No added hormones or steroids
This label means very little because FDA law prohibits any use of added steroids or hormones. If a poultry brand offers this as their big claim, there’s a good chance they’ll steer you away from those who do they are not PUSH.
All natural chicken
This is a marketing term and means nothing. There are no requirements for chicken to be labeled as all-natural; if you see it, you should probably assume it’s anything but.
Labels related to the care of chickens
Animal welfare approved chicken
According to the American Society for the Prevention of Cruelty to Animals, this is the strictest poultry label based on overall humane practices. AWA Chicken is inspected annually to ensure the birds have adequate indoor and outdoor space, breed health requirements, natural light and a maximum transport time of four hours.
Certified humane chicken
This designation also represents a significant improvement over conventional standards. It means outdoor access for ruminants, pigs and poultry when accompanied by the words “free range” or “pastured”. This designation means the chickens are raised with most of the same requirements as the AWA, but not all, including no natural light required and slightly less stringent breed health requirements. Compliance audits for this designation are also required once a year.
Chicken certified for animal welfare
This six-step evaluation program for meat and egg animals is a bit more complicated. According to the ASPCA, each successive level represents progressively higher welfare and includes all the requirements of those below it. Caging, hormones and sub-therapeutic antibiotics are prohibited at all levels, standards also apply to transport and slaughter, and compliance is verified every 15 months through audits.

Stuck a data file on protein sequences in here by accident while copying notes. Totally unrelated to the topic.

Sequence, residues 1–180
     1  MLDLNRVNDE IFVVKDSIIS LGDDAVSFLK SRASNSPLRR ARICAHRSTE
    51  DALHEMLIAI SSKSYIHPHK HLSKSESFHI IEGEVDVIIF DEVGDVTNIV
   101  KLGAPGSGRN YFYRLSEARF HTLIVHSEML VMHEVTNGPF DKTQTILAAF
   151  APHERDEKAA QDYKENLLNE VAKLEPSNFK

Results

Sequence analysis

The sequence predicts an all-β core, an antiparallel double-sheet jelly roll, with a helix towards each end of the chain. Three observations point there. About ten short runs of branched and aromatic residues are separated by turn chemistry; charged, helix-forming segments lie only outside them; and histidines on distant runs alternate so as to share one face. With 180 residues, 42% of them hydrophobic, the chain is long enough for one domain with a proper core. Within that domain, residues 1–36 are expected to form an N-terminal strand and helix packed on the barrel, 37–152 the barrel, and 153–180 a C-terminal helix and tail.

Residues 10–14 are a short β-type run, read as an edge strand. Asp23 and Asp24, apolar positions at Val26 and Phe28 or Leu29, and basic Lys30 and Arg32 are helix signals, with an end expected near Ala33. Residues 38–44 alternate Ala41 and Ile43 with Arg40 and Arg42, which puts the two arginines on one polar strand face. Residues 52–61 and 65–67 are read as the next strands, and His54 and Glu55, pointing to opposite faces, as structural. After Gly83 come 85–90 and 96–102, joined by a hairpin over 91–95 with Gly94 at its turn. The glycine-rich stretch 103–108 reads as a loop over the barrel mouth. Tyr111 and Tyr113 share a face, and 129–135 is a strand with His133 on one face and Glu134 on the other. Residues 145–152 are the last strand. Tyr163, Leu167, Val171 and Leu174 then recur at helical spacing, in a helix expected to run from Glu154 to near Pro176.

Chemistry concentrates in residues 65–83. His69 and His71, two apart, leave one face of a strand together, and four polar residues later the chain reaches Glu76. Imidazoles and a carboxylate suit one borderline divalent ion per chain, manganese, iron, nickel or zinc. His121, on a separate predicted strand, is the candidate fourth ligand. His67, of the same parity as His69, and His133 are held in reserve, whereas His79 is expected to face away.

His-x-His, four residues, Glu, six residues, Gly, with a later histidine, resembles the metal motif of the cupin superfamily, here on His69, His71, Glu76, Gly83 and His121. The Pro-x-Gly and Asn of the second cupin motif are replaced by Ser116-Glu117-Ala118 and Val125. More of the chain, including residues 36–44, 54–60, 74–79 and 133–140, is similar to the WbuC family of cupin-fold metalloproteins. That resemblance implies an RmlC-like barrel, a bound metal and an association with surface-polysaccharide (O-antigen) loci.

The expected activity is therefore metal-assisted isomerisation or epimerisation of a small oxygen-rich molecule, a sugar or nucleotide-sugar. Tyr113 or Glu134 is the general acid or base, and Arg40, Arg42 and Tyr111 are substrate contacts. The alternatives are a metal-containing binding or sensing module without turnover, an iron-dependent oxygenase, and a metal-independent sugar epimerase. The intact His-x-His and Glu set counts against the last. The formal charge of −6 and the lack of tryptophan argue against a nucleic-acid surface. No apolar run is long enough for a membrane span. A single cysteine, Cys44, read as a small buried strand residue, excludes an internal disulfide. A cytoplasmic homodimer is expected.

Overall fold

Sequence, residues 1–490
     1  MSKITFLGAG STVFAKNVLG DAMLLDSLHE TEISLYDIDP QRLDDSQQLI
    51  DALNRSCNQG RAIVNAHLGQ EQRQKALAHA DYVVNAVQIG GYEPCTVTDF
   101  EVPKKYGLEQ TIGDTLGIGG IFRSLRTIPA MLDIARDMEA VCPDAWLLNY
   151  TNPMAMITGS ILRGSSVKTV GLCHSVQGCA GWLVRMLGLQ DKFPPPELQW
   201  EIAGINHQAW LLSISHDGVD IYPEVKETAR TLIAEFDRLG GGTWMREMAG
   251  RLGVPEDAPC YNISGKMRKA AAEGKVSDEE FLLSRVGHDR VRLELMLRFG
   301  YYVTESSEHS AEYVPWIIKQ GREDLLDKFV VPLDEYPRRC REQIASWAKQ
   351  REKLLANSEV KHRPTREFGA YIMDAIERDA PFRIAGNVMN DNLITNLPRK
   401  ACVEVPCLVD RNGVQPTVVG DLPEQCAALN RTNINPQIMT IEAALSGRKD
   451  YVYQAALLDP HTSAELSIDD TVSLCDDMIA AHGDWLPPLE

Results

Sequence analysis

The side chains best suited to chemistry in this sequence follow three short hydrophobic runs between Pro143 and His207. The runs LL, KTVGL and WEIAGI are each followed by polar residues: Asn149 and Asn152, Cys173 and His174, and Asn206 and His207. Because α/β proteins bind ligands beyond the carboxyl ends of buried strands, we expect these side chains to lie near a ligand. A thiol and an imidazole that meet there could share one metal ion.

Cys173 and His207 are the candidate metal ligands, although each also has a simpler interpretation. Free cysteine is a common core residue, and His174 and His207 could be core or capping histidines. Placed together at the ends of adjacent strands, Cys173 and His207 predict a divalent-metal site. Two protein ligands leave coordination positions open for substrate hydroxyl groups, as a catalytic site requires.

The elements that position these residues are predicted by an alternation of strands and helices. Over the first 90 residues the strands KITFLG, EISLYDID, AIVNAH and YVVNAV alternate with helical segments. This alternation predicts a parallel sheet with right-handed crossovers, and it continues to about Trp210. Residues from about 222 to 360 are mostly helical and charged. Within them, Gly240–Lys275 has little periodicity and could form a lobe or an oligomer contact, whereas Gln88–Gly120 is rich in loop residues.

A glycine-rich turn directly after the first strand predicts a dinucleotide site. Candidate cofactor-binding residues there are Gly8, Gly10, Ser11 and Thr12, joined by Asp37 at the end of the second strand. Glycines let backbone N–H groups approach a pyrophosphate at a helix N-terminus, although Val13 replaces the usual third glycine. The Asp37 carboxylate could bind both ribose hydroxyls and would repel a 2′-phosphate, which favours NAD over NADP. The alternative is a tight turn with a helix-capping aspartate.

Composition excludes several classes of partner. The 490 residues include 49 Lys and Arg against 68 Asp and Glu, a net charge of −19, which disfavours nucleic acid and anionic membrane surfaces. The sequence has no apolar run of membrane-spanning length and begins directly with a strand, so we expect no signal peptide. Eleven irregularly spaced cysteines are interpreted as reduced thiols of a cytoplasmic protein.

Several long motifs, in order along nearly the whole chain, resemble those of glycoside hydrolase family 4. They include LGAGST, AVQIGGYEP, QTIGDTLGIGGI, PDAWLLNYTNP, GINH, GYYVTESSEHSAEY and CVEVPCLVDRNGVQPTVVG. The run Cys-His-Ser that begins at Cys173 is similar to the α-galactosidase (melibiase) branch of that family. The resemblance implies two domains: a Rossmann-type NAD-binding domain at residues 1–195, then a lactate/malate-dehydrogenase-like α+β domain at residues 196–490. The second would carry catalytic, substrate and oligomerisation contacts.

Chicken raised on pasture
Because there is no legal definition of the term, “pasture reared” is difficult to verify, even if it means that the birds spend a significant amount of time outdoors and on pasture. The USDA requires chicken labels to be “accurate,” but without formal guidelines, it has a lot of wiggle room.
Free range chicken
This is another label you’ve probably seen on egg cartons and chicken packages that is misleading once you dig into the criteria. “Free range” means that the chickens had access to the outdoors, but there are very few requirements as to how big or how big that outdoor space is. In many cases, poultry houses are set up in such a way that the chickens do not even use the outdoor space.
Cage free chicken
This mostly meaningless label is probably distracting if you see it front and center on a package of chicken. This is because no broiler chickens can be kept in cages and must be kept in large houses. However, this difference is notable when we are talking about eggs, because laying hens can be, and often are, kept in cages.
For more information on humane chicken labels, see this chicken labeling chart from the ASPCA.
The information contained in this article is for educational and informational purposes only and is not intended as health or medical advice. Always consult a physician or other qualified health care provider with any questions regarding health conditions or health goals.